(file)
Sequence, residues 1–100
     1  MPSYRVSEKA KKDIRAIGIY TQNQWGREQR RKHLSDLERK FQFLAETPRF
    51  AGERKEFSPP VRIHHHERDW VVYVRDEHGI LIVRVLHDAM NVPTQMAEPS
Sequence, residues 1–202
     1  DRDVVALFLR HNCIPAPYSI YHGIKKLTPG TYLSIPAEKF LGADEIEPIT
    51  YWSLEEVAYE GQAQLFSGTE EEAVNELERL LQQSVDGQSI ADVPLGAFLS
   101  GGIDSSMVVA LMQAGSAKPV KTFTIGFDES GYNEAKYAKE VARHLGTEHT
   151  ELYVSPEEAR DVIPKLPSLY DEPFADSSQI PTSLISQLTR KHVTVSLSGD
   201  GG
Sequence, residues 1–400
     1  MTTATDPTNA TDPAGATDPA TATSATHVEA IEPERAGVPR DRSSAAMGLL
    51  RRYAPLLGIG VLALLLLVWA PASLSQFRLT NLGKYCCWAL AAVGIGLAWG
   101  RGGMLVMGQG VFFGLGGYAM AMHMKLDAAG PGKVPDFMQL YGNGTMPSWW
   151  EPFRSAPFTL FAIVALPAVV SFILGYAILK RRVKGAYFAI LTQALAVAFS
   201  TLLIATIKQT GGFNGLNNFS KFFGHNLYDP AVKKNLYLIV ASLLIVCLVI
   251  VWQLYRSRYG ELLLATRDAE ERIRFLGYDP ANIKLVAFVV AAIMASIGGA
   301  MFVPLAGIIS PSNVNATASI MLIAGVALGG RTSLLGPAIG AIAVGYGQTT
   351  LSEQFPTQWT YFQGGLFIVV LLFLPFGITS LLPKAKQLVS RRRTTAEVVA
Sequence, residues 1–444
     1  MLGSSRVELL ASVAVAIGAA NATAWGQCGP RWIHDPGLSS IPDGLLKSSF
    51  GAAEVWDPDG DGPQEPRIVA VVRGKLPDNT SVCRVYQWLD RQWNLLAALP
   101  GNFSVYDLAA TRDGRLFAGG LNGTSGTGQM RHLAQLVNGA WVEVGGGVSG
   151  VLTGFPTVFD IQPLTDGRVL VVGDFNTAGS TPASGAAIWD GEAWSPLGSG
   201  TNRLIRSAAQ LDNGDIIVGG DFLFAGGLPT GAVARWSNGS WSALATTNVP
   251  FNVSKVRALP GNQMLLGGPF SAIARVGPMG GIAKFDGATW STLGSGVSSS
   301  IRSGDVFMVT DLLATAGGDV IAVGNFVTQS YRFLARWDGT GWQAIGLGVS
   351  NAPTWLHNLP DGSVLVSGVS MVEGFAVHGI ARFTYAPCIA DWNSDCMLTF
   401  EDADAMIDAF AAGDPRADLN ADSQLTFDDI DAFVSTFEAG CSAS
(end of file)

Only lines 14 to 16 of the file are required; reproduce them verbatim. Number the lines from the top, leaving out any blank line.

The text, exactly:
   151  EPFRSAPFTL FAIVALPAVV SFILGYAILK RRVKGAYFAI LTQALAVAFS
   201  TLLIATIKQT GGFNGLNNFS KFFGHNLYDP AVKKNLYLIV ASLLIVCLVI
   251  VWQLYRSRYG ELLLATRDAE ERIRFLGYDP ANIKLVAFVV AAIMASIGGA